January 13, 2014
As I sit inside writing beside the radiant warmth of the fireplace, it’s raining outside, raining really hard. The muddy gravel streaming down our dirt driveway carving long ruts and crevices is making a mess of our road, and yet, I’m relieved. If you’ve been reading this blog lately, you know that I’ve been scared and worried about this very dry winter.
It’s so easy to be in a continual state of wishing things were other, creating contention and upset with the conditions and circumstances of our lives. But whether it’s a drought or monsoon, it is just how it is. Ajaan Sumedho, the prominent Buddhist teacher says, “It’s like this.” A drought is like this, a monsoon is like this. It’s not personal, it’s how it is.
Life is a continual accommodation to the circumstances of our lives. And sometimes “just how it is” is difficult, uncomfortable and painful. The teaching “it’s like this,” helps us see more clearly and not take things so personally. It loosens the grip of whatever thoughts or emotions have us caught, eases the tension in the mind and frees us up to respond more wisely.
With practice, mindfulness lets us see our relationship to our thoughts and emotions, and the habit patterns that get created. So when I look outside and see the dry hills and the low rivers, I also begin to notice that worry and fear creep into my mind. When I can identify the worry and fear, maybe even sense where I feel it in my body, I get to know what worry and fear feel like. It’s like this. Now I am more likely to respond with care and kindness for my own suffering and not start catastrophizing about what dry hills and low rivers might mean. It also lets me see that being in contention with the weather is pretty much a dead end. But how often do I lament the weather? It’s silly when I think about it, but it’s a habit, and habits can be changed.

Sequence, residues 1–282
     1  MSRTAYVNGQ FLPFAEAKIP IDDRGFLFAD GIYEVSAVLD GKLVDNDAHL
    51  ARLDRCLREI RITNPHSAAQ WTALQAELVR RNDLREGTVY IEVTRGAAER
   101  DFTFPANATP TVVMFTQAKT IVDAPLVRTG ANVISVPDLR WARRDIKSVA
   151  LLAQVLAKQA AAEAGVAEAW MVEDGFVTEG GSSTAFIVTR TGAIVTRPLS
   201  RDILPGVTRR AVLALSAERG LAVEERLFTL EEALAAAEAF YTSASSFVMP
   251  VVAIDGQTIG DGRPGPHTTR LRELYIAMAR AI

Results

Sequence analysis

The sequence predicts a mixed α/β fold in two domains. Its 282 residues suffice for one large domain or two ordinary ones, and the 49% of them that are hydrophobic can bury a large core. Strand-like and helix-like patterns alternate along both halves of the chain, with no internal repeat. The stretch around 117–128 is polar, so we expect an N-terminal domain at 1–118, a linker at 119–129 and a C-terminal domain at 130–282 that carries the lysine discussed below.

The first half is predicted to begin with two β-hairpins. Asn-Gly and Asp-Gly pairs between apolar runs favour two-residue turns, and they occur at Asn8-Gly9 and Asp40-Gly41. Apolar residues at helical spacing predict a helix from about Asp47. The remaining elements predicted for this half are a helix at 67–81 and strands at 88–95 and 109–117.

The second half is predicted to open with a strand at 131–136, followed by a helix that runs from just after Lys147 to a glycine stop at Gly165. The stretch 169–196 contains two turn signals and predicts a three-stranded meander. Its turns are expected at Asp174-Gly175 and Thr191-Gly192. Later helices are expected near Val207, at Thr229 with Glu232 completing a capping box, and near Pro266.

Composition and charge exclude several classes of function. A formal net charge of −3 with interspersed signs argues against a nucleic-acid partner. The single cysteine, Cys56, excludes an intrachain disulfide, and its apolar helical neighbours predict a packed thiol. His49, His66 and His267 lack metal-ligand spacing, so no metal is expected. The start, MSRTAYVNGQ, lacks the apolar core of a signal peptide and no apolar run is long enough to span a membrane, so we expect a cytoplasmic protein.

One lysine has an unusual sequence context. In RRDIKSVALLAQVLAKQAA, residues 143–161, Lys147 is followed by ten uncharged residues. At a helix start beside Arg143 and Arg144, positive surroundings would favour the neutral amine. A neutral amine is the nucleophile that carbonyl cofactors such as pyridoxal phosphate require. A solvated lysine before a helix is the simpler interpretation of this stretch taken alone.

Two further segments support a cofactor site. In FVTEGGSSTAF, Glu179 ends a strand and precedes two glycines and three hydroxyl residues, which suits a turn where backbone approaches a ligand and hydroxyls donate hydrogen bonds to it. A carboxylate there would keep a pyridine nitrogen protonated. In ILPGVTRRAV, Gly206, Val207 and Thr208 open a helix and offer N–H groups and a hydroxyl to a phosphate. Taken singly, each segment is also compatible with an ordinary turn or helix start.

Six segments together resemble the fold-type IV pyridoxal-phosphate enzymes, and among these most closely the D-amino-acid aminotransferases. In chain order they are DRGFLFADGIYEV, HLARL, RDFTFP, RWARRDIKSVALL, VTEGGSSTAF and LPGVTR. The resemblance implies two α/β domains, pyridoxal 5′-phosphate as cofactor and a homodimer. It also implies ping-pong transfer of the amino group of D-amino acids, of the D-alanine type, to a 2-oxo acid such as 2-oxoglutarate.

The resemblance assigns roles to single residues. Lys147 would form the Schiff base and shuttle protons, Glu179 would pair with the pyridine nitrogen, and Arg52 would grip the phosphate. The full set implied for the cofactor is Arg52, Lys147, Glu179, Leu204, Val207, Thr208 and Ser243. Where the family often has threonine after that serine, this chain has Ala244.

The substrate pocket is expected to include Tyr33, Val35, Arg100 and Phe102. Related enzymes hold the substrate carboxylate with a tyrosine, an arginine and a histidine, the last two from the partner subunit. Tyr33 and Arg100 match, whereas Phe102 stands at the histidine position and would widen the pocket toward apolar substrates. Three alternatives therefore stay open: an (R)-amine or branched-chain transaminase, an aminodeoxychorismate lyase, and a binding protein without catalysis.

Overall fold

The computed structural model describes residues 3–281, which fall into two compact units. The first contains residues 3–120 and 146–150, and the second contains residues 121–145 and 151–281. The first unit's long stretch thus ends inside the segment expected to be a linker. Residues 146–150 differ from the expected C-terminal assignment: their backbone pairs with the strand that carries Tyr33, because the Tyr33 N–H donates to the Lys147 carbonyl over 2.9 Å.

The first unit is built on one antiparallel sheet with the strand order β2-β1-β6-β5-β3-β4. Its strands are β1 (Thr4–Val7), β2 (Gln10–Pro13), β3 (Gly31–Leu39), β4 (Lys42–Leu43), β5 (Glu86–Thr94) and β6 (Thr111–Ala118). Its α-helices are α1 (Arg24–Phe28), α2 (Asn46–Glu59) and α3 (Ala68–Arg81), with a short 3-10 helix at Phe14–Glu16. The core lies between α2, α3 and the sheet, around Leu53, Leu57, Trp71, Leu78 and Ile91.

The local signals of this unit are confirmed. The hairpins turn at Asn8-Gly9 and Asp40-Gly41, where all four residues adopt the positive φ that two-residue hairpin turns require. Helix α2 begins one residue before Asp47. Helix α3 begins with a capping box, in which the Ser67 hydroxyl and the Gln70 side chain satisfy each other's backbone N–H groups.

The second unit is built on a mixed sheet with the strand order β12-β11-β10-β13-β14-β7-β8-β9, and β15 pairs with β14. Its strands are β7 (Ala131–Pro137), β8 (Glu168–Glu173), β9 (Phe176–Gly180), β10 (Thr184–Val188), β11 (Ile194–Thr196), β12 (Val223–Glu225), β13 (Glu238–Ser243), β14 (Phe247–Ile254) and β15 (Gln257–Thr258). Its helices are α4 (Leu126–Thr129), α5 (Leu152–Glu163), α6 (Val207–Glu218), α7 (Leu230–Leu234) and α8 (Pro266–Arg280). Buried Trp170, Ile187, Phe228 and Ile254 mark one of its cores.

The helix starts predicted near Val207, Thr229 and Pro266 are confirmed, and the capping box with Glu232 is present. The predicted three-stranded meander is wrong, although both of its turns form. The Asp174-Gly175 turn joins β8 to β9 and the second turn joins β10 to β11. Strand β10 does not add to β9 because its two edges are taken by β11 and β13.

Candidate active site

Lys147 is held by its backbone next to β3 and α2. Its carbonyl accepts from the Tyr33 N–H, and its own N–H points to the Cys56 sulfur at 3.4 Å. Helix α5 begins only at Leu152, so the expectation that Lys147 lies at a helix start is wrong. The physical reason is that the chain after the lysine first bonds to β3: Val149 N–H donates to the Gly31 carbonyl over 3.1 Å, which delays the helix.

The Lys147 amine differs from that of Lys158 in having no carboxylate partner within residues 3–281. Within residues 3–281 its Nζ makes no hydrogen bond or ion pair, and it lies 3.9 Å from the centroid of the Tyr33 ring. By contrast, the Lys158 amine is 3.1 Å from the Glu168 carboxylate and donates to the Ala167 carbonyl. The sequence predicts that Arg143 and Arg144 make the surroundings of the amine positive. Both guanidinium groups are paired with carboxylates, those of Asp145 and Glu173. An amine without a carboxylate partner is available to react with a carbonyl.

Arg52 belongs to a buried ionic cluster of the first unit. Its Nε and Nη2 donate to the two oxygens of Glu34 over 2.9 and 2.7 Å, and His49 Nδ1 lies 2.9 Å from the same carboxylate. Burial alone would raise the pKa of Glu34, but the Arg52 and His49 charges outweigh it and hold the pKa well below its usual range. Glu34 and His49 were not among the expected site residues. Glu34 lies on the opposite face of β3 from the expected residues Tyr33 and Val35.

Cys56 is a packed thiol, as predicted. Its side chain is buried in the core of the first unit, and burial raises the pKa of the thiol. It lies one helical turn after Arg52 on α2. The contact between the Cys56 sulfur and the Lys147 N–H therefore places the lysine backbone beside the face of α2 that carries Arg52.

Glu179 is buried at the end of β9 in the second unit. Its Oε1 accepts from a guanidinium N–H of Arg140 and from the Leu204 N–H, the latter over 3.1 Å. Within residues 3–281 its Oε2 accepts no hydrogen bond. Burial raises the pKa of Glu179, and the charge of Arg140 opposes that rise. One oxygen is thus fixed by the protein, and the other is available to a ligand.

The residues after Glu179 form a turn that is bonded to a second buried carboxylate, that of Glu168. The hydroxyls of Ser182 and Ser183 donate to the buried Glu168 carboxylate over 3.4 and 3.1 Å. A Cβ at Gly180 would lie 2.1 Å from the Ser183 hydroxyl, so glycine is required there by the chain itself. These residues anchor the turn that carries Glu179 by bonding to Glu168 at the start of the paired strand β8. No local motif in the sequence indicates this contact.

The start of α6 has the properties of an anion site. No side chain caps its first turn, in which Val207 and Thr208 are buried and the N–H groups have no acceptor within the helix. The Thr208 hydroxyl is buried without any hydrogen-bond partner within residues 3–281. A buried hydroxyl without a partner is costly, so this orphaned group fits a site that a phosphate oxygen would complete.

Each moment of seeing “it’s like this” is a moment of accommodation and clarity. Each moment of mindfulness is a moment of kindness, and each moment of kindness is a moment of mindfulness. With time, all of these moments accumulate into a life of greater ease, wisdom and compassion.
When despair for the world grows in me
and I wake in the night at the least sound
in fear of what my life and my children’s lives may be,
I go and lie down where the wood drake
rests in his beauty on the water, and the great heron feeds.
I come into the peace of wild things
who do not tax their lives with forethought
of grief. I come into the presence of still water.
And I feel above me the day-blind stars
waiting with their light. For a time
I rest in the grace of the world, and am free.